Talking about spirituality is like dancing about architecture

Photo by Hans Vivek on Unsplash

As a white, left-brained, cisgender, heterosexual, middle-class, college-educated, able-bodied man born in the United States in the latter half of the 20th century, and raised by an atheist step-dad, the circumstances of my socialization were ideal for sewing doubt into my consciousness for anything spiritual, new-age, or “woo-woo.” That is perhaps why it wasn’t until my late 20s that I began to wonder what spirituality even meant to me.

A rationalist explanation for the existence of religion is that people need some way to explain the unexplainable, because it gives us a sense of control. And it’s certainly true that a defining feature of life on earth is that there’s a whole lot going on that is completely out of our control, so it makes sense that we’d want to have a reassuring story about the inherent goodness of the universe. However, I’ve come to understand that spirituality is actually different from religion in one key respect: it’s based on lived experience.

The year or so of Catholic Sunday school that I attended before meeting my step-dad taught me the basic story of Christ that most people are familiar with. By the end of my sixth grade world religions segment a few years later, my awareness of the sheer diversity of religious belief among human cultures all but convinced me that the truth must be more complicated than my younger self had been led to believe. That’s the problem with traditional religion based on handed down teachings. You’re playing a game of telephone with your ancestors and then getting mad at other people for not hearing the same thing you heard.

My introduction to meditation and breathwork through the Art of Living Foundation, when I was 28, opened me up to the world of spirituality through spiritual practices that enabled me to get in contact with an aspect of existence that I had previously been completely ignorant of. The experience was so much more impactful than the previous sentence could possibly convey that I’m reminded of a line spoken by Angelina Jolie’s character in the film Playing By Heart: “Talking about love is like dancing about architecture.”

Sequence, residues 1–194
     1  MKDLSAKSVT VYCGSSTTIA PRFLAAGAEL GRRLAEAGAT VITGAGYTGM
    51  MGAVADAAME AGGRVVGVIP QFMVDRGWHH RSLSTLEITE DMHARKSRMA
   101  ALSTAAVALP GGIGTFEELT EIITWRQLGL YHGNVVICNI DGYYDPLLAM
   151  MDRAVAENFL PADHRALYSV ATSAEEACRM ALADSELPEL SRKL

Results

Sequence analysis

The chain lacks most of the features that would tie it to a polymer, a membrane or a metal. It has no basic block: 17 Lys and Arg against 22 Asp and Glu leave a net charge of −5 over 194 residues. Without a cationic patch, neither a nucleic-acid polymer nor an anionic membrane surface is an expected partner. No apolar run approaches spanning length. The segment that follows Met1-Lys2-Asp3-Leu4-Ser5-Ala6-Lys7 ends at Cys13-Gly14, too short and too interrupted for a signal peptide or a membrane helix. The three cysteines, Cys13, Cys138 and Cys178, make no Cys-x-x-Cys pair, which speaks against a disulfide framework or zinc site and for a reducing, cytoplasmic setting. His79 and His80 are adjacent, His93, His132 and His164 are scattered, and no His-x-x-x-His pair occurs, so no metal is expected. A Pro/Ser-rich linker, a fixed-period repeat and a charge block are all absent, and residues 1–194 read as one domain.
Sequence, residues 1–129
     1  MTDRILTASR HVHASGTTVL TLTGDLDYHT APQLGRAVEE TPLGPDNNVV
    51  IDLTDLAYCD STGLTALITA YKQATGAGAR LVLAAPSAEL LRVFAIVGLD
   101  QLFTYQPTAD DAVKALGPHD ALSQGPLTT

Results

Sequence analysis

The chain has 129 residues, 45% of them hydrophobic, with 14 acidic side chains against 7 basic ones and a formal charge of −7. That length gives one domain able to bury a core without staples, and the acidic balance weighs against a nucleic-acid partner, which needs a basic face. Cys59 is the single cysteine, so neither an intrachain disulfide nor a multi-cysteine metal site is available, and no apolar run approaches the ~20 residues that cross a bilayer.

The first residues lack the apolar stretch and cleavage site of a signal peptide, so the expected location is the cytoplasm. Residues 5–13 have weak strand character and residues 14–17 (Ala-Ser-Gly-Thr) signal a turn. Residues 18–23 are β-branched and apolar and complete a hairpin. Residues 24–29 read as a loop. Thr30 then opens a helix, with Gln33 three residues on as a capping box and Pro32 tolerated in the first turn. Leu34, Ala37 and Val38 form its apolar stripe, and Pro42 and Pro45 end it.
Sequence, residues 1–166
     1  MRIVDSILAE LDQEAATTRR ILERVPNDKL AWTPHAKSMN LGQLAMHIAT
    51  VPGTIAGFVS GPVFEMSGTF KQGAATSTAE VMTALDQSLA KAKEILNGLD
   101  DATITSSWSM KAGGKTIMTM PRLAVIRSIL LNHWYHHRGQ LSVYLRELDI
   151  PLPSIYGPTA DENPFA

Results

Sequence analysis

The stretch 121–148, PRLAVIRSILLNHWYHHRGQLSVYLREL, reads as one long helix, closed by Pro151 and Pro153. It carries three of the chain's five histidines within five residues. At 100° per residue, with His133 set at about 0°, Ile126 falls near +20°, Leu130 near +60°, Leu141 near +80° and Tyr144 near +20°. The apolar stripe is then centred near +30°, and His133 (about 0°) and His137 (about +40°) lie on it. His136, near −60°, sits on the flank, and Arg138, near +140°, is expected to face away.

Given the personal nature of spiritual experience, our relationship with spirituality says a lot about our relationship with life itself. To say that you don’t believe in spiritual experiences is to say that you don’t believe the self-reports of countless people throughout human existence who speak of having spiritual experiences. This makes me wonder whether, under the weight of so much doubt, the avowed atheist can even have much belief in their own experiences.

Bottom line, spirituality is a hard concept to nail down, but speaking from my experience, it has brought me in closer relationship with myself, the world, and the life that it sustains, and it’s helped me overcome fears and doubts that were preventing me from fully living into my values. At this time in history, with the tasks ahead of us, it seems to me that we could do with a little spiritual reinforcement. To learn more about how spiritual growth can empower you to be the change that the world needs, check out my upcoming six-week course below.

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Nauser Bear is a licensed marriage and family therapist in California (LMFT#123099; licensed with the BBS as Nicholas Jon Reynolds). To work with Nauser, send an email to nauserbeartherapy@gmail.com, call (510) 394-5373, or schedule a free 20-minute consultation by clicking here.

Disclaimer: This blog and comments on it do not constitute medical or mental health advice. If you are in need of support and live in California, contact me to set up a consult to see if working together is a fit. Otherwise, seek mental health support in your area. If you are in danger of hurting yourself or someone else, please call 911 or the National Suicide Prevention hotline, which is available 24/7, at 800-273-8255.

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